Greer decided to start Surgical Carepair, a company that repaired such hospital equipment as minimal invasive surgery cameras and heart scopes, and he was able to help the company expand nationally with a presence in 30 cities across the country. 

“What I found was that we could repair them faster and cheaper than manufacturers, like half the cost, so I helped the hospital save money and made it that they didn’t have to rent equipment,” he said. “Instead of the manufacturer taking two weeks to get it back, they can have it back in three days.”

Greer purchased another competitor during the fourth year of operations and then sold Surgical Carepair to Cardinal Health. He eventually spent 14 years at Cardinal, initially on a series of six-month contracts. During that time, Cardinal purchased another company that was failing. Greer was able to turn that business around and eventually sold it. He then started a new company at Cardinal Health called Optifreight Logistics, which grew into a $250 million enterprise in six years, three of which he served as president. Eventually, Greer also facilitated a joint venture between Cardinal Health and Healthcare IQ in Florida.

After 14 years at Cardinal Health, Greer retired. The hiatus didn’t last long.

“I had two companies call me within a week,” he said. “One from Iowa and one from Auburn Hills, Michigan, that were entrepreneurial companies. They were small companies, and they were service businesses, which was all I had ever done, service businesses, and they asked if I could consult so I started doing consulting.”

As a result, Greer started a consulting firm called Jay Greer Entrepreneurial Consulting. He also started another business, Cornerstone Technologies, that sells medical supplies to the same clients Carepair focused on.

Fifteen years later, Cornerstone is serving more than 80 hospitals in Michigan, Indiana, and Ohio, and Greer still is involved as a managing member.

Jumping from a medical device manufacturer to president of an arts and entertainment school might seem like a stretch, but like everything else in Greer’s life, there are connections.

He became involved with what was then Compass College of Cinematic Arts after his son attended a high school film camp at the institution. His career as a CPA gave him the opportunity to join Compass’ board of directors 15 years ago as its treasurer and later chairman.

After the previous president retired, Greer agreed to serve as interim president and eventually filled the position permanently. The school was rebranded this year as Compass College of Film & Media.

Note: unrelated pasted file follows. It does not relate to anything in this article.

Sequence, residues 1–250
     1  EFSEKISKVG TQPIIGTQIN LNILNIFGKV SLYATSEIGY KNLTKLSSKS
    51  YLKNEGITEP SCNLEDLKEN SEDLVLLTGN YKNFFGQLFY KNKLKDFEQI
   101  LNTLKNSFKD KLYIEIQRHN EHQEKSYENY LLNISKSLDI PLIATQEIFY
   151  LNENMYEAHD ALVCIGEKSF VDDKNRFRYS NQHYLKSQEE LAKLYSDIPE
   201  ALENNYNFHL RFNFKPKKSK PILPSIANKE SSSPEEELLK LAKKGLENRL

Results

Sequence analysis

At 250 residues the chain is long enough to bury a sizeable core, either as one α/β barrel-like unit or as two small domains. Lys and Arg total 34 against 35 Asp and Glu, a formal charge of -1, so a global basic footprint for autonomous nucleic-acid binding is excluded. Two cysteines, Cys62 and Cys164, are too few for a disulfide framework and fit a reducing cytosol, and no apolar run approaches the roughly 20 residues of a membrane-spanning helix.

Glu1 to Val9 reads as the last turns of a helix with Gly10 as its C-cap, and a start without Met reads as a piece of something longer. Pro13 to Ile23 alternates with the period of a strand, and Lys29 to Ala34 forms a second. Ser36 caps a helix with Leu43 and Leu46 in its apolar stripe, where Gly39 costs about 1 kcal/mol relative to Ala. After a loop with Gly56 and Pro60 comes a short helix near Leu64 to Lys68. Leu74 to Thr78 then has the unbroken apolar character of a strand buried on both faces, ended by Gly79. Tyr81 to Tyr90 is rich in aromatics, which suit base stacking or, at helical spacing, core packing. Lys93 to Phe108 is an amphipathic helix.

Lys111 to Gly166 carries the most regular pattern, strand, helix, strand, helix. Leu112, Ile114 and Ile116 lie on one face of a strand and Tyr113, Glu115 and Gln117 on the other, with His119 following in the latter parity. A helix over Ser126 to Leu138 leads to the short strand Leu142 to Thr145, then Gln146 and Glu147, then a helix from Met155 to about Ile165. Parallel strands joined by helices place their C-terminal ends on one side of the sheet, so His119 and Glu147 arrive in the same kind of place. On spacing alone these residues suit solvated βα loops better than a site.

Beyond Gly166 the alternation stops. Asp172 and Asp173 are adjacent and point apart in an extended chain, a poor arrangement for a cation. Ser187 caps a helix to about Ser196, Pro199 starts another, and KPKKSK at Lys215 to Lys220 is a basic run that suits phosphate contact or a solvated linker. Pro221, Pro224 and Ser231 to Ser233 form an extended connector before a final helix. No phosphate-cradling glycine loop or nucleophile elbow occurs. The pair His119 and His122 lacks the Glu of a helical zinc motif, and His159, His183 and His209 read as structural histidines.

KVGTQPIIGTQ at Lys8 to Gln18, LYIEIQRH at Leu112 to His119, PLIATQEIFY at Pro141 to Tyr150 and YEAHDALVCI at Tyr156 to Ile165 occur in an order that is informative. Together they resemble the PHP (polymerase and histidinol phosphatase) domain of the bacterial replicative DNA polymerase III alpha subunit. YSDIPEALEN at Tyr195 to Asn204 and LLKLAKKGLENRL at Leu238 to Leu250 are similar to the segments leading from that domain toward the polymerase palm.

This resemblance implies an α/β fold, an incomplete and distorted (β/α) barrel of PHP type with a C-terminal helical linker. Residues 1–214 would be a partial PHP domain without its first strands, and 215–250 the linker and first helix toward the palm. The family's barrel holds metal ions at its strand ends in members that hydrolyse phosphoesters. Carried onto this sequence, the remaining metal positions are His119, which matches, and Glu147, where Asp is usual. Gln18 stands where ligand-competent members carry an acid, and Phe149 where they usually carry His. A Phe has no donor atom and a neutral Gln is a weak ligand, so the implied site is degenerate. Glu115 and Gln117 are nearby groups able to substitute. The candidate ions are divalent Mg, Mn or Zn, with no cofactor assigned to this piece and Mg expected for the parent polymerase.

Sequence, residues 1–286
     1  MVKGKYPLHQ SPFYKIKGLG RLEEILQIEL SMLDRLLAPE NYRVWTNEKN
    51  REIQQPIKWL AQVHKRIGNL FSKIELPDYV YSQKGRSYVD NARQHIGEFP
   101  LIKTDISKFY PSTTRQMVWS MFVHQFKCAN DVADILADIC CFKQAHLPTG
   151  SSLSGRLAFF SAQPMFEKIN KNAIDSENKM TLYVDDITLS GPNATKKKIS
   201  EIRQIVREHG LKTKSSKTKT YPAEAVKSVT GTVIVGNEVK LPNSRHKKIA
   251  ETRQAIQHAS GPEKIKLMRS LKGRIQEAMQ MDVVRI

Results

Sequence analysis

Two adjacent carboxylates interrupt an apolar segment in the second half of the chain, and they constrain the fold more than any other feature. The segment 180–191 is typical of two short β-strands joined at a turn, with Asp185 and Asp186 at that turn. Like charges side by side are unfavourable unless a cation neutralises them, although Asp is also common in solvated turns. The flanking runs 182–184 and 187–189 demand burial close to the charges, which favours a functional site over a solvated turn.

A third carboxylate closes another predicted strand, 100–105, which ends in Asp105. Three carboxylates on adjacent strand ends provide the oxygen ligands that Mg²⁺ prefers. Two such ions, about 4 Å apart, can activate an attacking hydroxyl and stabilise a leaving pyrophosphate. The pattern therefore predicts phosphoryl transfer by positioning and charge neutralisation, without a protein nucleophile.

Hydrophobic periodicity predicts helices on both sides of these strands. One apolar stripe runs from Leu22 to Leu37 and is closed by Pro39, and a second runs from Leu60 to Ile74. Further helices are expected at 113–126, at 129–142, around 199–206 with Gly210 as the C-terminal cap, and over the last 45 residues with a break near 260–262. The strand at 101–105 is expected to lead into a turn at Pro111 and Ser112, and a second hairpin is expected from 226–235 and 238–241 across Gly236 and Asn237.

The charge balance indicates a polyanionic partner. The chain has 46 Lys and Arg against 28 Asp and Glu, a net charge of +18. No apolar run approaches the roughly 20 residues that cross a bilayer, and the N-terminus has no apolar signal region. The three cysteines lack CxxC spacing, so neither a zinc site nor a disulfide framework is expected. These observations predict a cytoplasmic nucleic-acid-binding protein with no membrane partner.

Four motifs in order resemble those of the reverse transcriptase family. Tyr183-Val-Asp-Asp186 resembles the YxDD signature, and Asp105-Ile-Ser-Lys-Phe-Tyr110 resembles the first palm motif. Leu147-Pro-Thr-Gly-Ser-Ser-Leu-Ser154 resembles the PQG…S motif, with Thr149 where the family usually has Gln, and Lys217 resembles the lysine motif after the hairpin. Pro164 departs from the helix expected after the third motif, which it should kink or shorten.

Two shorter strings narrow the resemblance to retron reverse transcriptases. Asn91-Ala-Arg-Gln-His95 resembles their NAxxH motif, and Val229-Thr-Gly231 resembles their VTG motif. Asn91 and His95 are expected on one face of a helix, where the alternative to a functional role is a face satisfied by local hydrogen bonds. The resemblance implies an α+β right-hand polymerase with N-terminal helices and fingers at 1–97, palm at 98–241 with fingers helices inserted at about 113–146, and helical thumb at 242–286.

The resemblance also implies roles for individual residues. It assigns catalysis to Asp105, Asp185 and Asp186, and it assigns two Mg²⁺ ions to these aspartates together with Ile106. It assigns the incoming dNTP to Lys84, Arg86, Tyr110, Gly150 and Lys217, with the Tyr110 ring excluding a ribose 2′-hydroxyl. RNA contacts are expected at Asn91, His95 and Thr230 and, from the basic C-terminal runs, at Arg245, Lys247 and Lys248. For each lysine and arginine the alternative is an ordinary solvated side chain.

Greer said Compass is using the resources it has to show students the various opportunities they have in the film and media industries while stressing those opportunities are not limited to just Los Angeles and New York. He said there are many cinematic, television, marketing and advertising jobs right here in Michigan.

“The industry in the last five years has changed, and with the COVID piece, the number of things being shot in LA has gone down,” he said. “There are more things being shot in other states and with the streaming services that are going on, it doesn’t matter where you shoot the film. The question is, ‘Do you have the right equipment? Do you have the right staff? Do you have the right background? Do you know how to edit? Is it a good story?’”

Compass recently created three productions on-site and students were able to get hands-on experience from professionals in the industry. One of the TV series the students produced is called “The Watchers.” The trailer will be released in April on a streaming service.

Students recently partnered with the Kent County Sherriff’s Department to help its staff create a better social media presence by training them to write, produce and edit videos. Compass also partnered with Critter Barn in Zeeland to do a nativity shoot so the organization could post it online for people to watch when they couldn’t visit the barn because of the pandemic.

“I am hoping to build a relationship with the community,” he said. “I want to reach out to different parts of our community with our skillset. I am looking at how can students learn hands-on while helping the community, because if they can help serve the community while they are doing hands-on, they can make an impact on the community with their video storytelling skills. Compass could help the community in a lot of different ways.”